Monday, December 12, 2011

The Marginal Propensity to Consume

I'm a slow reader. I don't do well with books like  A Game of Thrones. But my pace helps a lot when I'm in The General Theory. My recommendation: Read the excerpt slowly and enjoy it. Keynes is wonderful.

From the conclusion of Chapter 10, TGT:

Ancient Egypt was doubly fortunate, and doubtless owed to this its fabled wealth, in that it possessed two activities, namely, pyramid-building as well as the search for the precious metals, the fruits of which, since they could not serve the needs of man by being consumed, did not stale with abundance. The Middle Ages built cathedrals and sang dirges. Two pyramids, two masses for the dead, are twice as good as one; but not so two railways from London to York.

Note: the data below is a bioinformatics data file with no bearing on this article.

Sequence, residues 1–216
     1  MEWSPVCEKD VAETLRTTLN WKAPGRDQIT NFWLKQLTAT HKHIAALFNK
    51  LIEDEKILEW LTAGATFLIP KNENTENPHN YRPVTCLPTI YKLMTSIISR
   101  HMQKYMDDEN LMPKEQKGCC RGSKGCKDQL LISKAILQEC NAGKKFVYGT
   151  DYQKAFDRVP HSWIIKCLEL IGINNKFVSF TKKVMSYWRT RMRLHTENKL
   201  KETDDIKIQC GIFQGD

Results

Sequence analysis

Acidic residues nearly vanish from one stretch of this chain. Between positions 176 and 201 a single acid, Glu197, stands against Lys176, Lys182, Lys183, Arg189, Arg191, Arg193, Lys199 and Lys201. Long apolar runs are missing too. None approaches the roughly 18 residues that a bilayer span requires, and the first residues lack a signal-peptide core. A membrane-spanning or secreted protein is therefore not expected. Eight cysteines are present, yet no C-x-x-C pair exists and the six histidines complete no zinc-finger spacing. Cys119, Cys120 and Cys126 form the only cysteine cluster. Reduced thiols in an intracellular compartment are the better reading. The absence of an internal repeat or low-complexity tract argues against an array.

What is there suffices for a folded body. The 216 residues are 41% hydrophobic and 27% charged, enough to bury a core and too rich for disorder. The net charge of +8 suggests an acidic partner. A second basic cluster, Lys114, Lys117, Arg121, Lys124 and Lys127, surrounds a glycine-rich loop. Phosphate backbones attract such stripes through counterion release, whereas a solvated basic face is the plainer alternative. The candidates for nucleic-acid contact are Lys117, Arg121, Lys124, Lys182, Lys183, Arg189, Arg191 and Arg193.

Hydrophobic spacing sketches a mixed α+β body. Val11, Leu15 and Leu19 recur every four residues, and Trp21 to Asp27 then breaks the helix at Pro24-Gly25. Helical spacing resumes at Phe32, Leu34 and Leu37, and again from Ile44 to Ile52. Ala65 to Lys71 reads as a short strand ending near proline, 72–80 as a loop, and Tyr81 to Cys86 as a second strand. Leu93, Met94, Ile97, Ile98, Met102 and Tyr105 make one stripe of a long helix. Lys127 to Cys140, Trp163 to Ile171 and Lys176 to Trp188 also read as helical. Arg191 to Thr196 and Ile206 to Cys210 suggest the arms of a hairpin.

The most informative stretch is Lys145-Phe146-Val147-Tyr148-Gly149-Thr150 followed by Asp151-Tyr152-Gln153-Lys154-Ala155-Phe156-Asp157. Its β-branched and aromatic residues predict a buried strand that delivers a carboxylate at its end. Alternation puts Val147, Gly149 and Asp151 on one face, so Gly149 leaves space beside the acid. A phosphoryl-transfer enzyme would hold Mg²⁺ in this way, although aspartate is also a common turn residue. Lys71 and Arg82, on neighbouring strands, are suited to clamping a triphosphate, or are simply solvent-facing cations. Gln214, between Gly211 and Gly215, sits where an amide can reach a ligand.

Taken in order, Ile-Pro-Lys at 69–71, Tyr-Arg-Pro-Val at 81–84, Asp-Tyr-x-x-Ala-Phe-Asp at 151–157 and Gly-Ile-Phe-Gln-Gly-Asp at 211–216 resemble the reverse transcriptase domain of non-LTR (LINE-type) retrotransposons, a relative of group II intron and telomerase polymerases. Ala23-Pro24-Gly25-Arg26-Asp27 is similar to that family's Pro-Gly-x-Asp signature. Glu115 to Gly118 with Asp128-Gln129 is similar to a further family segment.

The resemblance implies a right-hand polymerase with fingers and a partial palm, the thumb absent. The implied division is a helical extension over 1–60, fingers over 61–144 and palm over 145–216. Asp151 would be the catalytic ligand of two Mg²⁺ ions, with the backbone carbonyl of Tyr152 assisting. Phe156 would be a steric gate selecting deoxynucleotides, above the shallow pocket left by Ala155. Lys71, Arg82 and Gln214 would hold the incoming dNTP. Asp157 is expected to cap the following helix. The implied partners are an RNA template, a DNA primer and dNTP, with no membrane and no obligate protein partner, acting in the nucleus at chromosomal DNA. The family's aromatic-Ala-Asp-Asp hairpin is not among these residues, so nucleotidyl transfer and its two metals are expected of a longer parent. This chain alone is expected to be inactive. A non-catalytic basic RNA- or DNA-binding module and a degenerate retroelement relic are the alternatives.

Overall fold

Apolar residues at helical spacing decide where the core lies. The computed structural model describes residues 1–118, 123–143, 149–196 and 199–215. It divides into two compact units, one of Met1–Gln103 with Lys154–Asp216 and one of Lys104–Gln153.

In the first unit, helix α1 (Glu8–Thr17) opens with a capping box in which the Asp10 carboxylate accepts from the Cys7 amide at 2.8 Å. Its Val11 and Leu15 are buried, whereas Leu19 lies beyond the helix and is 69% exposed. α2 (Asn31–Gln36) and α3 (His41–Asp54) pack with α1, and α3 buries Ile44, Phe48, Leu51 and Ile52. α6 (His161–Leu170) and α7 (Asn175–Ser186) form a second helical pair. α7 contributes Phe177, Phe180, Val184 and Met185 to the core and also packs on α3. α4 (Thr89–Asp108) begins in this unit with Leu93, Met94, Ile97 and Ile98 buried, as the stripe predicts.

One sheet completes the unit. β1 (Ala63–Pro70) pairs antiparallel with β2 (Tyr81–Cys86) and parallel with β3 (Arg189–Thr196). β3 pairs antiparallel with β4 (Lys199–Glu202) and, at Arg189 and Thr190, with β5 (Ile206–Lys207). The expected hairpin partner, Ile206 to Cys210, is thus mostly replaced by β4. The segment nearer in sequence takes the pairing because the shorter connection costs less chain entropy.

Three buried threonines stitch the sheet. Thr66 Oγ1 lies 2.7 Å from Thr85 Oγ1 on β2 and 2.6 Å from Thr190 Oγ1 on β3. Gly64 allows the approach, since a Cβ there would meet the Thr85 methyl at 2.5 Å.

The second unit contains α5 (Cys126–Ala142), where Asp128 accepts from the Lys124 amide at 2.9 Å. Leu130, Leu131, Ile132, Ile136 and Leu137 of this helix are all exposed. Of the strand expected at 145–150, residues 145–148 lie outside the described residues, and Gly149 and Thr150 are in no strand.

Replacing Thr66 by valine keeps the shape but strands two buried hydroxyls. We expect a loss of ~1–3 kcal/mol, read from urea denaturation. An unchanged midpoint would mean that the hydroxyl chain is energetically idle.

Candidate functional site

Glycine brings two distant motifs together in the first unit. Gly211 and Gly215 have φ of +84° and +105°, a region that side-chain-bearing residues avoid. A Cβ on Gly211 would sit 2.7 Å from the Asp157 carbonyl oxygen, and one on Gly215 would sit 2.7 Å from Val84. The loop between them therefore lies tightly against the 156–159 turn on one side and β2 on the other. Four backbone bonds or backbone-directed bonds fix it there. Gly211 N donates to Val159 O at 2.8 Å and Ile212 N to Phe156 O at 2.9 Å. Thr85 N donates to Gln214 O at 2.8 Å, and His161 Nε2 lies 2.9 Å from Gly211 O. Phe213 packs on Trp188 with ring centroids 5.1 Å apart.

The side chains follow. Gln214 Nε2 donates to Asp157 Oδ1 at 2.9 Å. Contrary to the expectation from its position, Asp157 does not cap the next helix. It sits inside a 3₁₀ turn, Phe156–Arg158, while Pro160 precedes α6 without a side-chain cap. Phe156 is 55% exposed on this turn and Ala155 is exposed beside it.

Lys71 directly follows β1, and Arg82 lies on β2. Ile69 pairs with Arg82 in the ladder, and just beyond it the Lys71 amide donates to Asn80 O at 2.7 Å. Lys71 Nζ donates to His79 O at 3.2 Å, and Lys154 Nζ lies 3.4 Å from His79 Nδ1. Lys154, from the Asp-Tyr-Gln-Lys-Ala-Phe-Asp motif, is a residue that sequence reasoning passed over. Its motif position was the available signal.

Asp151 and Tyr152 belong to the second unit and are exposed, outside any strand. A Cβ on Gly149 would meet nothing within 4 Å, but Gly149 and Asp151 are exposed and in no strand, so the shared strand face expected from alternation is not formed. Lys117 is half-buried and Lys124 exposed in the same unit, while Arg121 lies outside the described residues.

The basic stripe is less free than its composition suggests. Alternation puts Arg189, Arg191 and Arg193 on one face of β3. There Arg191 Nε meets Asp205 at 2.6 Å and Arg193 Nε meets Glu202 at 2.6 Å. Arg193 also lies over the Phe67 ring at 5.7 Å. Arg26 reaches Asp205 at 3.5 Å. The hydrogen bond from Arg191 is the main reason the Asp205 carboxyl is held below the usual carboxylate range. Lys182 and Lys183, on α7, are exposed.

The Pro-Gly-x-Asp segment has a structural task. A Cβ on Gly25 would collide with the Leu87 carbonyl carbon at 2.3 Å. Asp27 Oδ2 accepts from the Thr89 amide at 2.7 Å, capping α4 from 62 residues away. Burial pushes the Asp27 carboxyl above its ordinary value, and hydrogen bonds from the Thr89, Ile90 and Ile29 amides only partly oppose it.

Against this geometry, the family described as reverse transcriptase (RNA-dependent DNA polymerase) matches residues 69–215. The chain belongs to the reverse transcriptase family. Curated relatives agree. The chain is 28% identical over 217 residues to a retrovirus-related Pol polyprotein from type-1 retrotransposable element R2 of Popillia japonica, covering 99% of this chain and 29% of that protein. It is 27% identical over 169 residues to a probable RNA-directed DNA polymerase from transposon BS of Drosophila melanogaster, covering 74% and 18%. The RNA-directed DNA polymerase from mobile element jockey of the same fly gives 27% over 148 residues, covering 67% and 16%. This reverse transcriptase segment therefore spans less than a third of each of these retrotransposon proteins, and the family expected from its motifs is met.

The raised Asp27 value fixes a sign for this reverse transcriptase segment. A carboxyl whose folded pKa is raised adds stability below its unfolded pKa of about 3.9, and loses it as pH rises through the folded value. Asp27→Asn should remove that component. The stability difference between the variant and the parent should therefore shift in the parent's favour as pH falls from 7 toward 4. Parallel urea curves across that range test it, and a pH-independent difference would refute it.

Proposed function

Thus we are so sensible, have schooled ourselves to so close a semblance of prudent financiers, taking careful thought before we add to the "financial" burdens of posterity by building them houses to live in, that we have no such easy escape from the sufferings of unemployment. We have to accept them as an inevitable result of applying to the conduct of the State the maxims which are best calculated to "enrich" an individual by enabling him to pile up claims to enjoyment which he does not intend to exercise at any definite time.

Your mind wandered, didn't it. Start over and read slowly.

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